Professor John Thompson's decades of dedication honoured.
He calls himself a "researchaholic" who caught the bug from Royal Prince Alfred Hospital’s esteemed medical leaders 50 years ago.
Now Professor John Thompson is among them as the winner of the prestigious 2018 RPA Foundation Research Medal for his outstanding contribution and dedication to melanoma treatment and research.
“I've won some medals in my time but this is undoubtably the high point,” he says.
Only the second surgeon to take out the award, Professor Thompson was instrumental in the development, description and refinement of the isolated limb infusion technique for patients with advanced limb cancers. This technique has obviated the need for amputations in many of them.
His academic record is virtually unparalleled in the field with more than 700 publications including in the world's leading journals The New England Journal of Medicine, Nature, Lancet and Cell.
He has authored more than 60 book chapters and presented more than 500 lectures at scientific meetings throughout the world.
His research has received more than 12,000 citations. He was independently determined as the world’s leading melanoma expert in any field or discipline by both Expert Mapper and The Fame Report published by Medical Experts International for more than a decade.
Professor Thompson’s research findings have changed the clinical practice of medicine in the field of melanoma and in soft tissue sarcomas in Australia and throughout the world, directly resulting in improved care and outcome of thousands of patients.
He has developed and expanded the world's largest database of melanoma patients (at Melanoma Institute Australia) and, through his efforts, it has become a major international resource utilised by the American Joint Committee on Cancer and Union Internationale Cancer Committee to develop their respective melanoma cancer staging systems.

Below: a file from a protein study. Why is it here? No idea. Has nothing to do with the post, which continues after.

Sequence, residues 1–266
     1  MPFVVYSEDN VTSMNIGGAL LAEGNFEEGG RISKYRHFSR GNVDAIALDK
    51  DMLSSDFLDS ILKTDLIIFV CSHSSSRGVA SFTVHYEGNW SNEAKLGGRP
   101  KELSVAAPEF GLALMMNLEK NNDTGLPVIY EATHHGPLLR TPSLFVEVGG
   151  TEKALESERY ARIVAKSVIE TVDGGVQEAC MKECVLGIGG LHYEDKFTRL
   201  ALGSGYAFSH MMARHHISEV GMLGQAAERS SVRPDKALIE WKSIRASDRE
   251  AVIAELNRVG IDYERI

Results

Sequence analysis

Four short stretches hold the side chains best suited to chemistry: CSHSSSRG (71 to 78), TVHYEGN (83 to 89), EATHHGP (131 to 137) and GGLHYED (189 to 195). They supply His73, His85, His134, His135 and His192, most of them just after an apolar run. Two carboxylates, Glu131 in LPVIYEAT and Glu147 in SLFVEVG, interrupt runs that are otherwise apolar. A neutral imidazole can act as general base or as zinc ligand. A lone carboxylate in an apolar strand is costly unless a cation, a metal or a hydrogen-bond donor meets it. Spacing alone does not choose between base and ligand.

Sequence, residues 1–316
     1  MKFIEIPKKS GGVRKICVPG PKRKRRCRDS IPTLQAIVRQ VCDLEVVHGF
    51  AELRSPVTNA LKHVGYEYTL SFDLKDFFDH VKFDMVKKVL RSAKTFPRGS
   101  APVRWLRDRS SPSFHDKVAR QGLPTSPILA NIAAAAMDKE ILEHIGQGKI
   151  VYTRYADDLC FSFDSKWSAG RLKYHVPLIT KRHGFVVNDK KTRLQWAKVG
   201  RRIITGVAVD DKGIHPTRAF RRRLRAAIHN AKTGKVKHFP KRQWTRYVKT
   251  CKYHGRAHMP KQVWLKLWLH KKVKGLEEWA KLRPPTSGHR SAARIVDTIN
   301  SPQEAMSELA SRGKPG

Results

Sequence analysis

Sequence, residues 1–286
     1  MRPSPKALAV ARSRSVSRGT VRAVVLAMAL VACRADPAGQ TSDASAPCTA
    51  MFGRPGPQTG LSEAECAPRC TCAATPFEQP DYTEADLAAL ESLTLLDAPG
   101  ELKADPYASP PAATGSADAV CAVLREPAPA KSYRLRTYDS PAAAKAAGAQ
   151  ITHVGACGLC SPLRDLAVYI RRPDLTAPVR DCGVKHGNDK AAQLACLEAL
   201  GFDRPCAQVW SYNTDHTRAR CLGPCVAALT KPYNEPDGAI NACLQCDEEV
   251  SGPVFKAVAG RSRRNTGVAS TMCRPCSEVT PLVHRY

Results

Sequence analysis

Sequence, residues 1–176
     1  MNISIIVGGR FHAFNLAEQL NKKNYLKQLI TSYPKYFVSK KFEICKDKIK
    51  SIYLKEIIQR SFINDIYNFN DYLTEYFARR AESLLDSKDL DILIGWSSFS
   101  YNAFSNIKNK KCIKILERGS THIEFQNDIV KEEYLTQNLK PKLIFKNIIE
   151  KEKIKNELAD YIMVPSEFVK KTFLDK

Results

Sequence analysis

Professor Thompson developed, described, pioneered and refined the isolated limb infusion technique (a safer, less costly, equally effective and more widely available technique than that used previously) for the management of patients with advanced cancers involving the limbs which has improved the lives of many patients and obviated the need for amputations in many of them.
He has personally taught this technique to surgeons throughout the world including in Australia, the United States and Europe. It is now performed regularly in Melbourne, Adelaide and Brisbane, as well as at major North American comprehensive cancer centres such as the Memorial Sloan Kettering Cancer Center in New York, the MD Anderson Cancer Center in Houston, and the Duke University Medical Center in North Carolina), as well as in the United Kingdom, Europe and Brazil.
For RPA’s Director of Research, Warwick Britton, Professor Thompson is a game changer.
"His approach has changed the paradigm of management of melanoma surgery. He is also an outstanding and committed teacher, generously and liberally sharing his experience with others.
“He has acted as a teacher and mentor to successive generations of medical students, doctors in training, researchers and senior clinicians amongst many others, and is the focus of a continuous stream of international melanoma experts and trainees visiting the Melanoma Institute Australia and his operating theatre,” Professor Britton said.
“We are proud to award him the RPA Foundation Medal for 2018 in recognition of his significant contribution to the field of melanoma research and treatment.”
The award was presented by Nine News health reporter Gabriella Rogers.